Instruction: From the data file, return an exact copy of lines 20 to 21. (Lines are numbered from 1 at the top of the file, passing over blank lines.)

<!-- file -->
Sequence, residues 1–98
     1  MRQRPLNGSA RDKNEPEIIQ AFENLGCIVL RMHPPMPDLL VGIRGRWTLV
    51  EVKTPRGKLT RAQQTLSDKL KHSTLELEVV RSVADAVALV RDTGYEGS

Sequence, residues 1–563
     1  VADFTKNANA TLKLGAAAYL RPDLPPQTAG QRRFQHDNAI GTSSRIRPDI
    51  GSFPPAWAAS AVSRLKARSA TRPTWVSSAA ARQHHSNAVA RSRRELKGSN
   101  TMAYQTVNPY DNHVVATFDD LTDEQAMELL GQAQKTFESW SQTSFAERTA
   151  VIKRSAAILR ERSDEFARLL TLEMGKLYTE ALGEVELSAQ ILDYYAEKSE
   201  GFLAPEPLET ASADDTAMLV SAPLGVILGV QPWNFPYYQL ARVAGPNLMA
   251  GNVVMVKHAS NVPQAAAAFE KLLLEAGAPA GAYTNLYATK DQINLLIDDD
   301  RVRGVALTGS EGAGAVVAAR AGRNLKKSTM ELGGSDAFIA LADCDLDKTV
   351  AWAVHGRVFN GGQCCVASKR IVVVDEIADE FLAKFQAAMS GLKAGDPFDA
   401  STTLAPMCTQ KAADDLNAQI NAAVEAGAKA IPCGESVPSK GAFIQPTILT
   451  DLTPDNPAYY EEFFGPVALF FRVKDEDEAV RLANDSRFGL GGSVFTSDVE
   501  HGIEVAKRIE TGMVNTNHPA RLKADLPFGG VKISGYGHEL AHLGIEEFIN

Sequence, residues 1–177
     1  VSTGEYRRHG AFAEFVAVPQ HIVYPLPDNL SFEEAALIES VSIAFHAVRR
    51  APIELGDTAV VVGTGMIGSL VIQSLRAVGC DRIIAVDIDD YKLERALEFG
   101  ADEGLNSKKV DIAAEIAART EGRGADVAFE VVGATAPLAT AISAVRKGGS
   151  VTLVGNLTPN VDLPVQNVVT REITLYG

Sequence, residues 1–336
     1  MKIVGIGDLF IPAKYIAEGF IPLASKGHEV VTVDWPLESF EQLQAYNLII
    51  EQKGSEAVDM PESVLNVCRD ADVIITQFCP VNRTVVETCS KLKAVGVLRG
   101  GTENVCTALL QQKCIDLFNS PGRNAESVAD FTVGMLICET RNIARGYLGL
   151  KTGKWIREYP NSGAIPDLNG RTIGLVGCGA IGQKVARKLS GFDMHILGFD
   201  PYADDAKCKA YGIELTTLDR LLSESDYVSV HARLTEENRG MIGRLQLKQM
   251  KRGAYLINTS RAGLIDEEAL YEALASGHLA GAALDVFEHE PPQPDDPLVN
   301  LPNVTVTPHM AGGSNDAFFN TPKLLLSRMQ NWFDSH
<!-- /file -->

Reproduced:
   151  VTLVGNLTPN VDLPVQNVVT REITLYG

Sequence, residues 1–336